Singapore fund still haunted by risky credit crisis investments

Crowd crossing the road at Raffles Place.
Crowd crossing the road at Raffles Place. ST PHOTO: ALICIA CHAN

SINGAPORE (BLOOMBERG) - Residential mortgage-backed securities and collateralized loan obligations didn't turn out to be very good investments during the global financial crisis. For one Singapore-listed mutual fund, they still aren't.

Six years on and Global Investments Ltd. continues to pay the price for buying the riskiest parcels of RMBS in Australia and junk-rated loan tranches in Europe. The fund is trading at an about 38 per cent discount to its $291.8 million in net assets, the steepest since mid 2013, and chairman Boon Swan Foo admits it's been a "massive struggle."

"It was extremely difficult not only in the management but also in the restructuring side of it," he said in an interview from Global Investments' head office. "We've had to change the board and of course, we had to do a lot of cleaning up in the legacy assets."

Global Investments can trace its origins back to a fund structured and managed by Babcock & Brown Ltd., the Australian global investment and advisory firm that collapsed in 2009 with a balance sheet full of debt. Mr Boon, a senior adviser to Singapore's state-owned investment company Temasek Holdings Pte, took over the company and in September of that year appointed ST Asset Management Ltd., a wholly-owned unit of Temasek, to manage the portfolio.

Global Investments owned A$46.1 million (S$46.4 million) in face value of securities backed by residential and commercial mortgages in Australia, according to its June 30 report. That included some unrated classes of Seiza 2006 Trust notes, which have suffered A$23.3 million in impairment value.

The mutual fund also held 19 million euros (S$30.2 million) in face value of a basket of CLOs packaged and sold by Ireland's Avoca Capital Holdings, an investment company that specializes in leveraged loan management. They carried a cumulative impairment value of 9.44 million euros, the accounts show.

"This pool of assets has deteriorated over time because of delinquencies and ratings downgrade," Jason See, the managing director of ST Asset Management, said in an interview. "There's impairment and the trend is still going on. We continue to evaluate and monitor the situation, whether to divest or hold on for the future cash flows."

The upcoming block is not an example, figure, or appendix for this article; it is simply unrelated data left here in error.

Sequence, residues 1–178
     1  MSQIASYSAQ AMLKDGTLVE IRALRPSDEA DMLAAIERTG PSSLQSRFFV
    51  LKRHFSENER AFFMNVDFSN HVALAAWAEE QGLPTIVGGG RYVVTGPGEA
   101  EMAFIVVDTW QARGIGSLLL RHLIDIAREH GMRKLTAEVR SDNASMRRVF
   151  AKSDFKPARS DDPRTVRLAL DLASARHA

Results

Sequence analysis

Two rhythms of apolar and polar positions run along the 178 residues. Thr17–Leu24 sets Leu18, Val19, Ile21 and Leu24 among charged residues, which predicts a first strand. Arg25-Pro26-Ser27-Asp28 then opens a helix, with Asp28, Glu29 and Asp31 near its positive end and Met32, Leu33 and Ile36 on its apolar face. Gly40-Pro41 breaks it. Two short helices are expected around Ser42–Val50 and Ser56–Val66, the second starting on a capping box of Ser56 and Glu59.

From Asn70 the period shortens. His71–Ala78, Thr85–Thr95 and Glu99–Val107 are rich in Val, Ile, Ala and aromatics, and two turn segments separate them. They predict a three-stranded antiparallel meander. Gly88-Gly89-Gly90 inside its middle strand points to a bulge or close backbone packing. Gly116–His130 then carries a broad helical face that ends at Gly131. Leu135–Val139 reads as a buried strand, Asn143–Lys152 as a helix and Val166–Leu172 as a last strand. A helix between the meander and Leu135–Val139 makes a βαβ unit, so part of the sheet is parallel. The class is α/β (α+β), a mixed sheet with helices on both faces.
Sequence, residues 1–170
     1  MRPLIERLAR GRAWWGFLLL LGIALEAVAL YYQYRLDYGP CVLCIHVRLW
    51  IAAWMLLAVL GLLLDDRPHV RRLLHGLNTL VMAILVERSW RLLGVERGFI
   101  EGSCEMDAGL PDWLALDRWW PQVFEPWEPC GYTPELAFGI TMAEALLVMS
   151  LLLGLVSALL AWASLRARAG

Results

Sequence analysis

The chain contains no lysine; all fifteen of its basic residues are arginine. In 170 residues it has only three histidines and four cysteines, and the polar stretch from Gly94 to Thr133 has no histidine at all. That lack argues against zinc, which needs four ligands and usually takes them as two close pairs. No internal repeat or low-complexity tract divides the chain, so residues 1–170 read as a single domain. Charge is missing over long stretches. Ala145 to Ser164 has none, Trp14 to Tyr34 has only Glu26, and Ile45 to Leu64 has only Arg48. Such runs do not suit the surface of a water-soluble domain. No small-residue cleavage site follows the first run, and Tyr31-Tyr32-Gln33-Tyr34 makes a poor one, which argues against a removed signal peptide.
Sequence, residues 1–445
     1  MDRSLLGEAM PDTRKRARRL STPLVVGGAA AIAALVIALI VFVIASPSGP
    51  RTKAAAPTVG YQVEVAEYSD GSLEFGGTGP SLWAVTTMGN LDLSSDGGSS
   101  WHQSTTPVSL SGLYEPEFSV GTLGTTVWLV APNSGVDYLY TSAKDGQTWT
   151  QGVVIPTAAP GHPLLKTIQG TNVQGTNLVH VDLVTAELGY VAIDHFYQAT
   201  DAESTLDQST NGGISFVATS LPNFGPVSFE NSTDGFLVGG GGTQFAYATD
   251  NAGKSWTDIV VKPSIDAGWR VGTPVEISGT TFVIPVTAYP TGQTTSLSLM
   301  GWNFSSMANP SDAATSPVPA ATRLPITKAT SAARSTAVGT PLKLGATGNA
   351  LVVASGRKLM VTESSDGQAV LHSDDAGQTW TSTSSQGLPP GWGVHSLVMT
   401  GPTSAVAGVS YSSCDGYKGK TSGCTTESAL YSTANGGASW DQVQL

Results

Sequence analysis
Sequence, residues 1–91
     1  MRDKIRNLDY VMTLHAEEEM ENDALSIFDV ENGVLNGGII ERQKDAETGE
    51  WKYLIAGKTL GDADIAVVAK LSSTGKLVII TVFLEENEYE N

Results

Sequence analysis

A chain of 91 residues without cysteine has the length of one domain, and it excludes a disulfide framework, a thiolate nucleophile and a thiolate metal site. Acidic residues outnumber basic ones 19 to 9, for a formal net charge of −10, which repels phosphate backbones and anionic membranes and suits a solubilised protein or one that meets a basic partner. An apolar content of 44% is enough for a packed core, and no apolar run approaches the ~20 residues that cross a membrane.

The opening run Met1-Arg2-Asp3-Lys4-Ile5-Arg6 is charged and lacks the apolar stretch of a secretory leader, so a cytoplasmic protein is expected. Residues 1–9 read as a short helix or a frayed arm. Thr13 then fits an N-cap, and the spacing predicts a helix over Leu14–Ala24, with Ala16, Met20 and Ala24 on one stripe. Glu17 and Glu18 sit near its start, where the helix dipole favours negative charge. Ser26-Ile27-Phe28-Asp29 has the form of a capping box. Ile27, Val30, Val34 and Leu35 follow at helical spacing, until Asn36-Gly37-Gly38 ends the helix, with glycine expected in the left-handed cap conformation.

The RMBS and CLOs are among so-called hard-to-value Level 3 assets that made up about 23 per cent of Global Investments' portfolio as at the end of June. The mutual fund held 35 per cent of its assets in bonds, 28 percent in listed equities and 8 per cent in cash and other net assets.

Despite everything, Global Investments hasn't posted a loss since an initial $33.9 million setback in 2009. It recorded net income of $24.3 million in 2014 and a $28.8 million profit the year before that. Dividend payouts have also increased every year since 2010.

The fund booked an $8.25 million net gain by selling down its holdings of listed equities to $80.53 million in the second quarter. Between June 30 and July 7, it trimmed its holdings of Shanghai-listed shares to less than $1 million from S$18.5 million, sidestepping a deeper stock market rout over July and August.

Its debt holdings increased by $27.05 million in the second quarter to $103 million. The rated portion of those securities had a weighted average score of Ba3, or three levels below investment grade. The debt holdings had an average annual coupon of about 7.2 per cent. As of December, they included notes issued by Unicredit, Societe Generale and Barclays, as well as Li Ka-Shing's Cheung Kong Holdings Ltd., according to its 2014 annual report.

Mr Boon, who owns about 11 per cent of Global Investments, also sits on the boards of China National Offshore Oil Corp. and Dongfeng Motor Corp. Because the fund doesn't manage the underlying assets directly, he relies on trustee reports to evaluate his next course of action.

"It depends on the value of the market, and markets change from time to time," he said. "We're holding on in the expectation that if we're lucky, we'll be able to get good buyers at the right price."